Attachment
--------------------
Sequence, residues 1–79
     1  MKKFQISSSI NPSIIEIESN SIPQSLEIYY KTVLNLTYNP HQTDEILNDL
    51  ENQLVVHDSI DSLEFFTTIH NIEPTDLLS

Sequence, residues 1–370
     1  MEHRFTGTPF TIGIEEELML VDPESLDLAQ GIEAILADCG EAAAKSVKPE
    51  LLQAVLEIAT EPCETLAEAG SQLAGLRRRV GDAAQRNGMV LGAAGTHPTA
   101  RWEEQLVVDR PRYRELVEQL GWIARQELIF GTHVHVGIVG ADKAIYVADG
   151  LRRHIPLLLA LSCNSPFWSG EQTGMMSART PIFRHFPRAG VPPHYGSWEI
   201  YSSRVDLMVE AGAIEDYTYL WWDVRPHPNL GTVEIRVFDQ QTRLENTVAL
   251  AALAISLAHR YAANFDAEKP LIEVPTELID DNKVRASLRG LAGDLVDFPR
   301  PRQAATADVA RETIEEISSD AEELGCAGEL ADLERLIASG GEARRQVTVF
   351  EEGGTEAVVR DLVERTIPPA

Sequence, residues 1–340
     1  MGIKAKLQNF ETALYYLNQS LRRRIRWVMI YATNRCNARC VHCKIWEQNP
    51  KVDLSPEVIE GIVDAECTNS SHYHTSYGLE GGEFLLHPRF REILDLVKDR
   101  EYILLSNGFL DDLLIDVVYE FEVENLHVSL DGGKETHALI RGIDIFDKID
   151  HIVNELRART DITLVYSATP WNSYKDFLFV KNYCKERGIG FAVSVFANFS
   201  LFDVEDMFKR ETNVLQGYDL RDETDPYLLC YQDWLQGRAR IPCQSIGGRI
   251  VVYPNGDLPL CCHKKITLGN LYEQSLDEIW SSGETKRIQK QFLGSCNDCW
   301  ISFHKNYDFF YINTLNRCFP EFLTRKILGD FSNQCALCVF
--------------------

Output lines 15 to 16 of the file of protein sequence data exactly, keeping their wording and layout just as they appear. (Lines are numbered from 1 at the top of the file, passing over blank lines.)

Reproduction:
    51  KVDLSPEVIE GIVDAECTNS SHYHTSYGLE GGEFLLHPRF REILDLVKDR
   101  EYILLSNGFL DDLLIDVVYE FEVENLHVSL DGGKETHALI RGIDIFDKID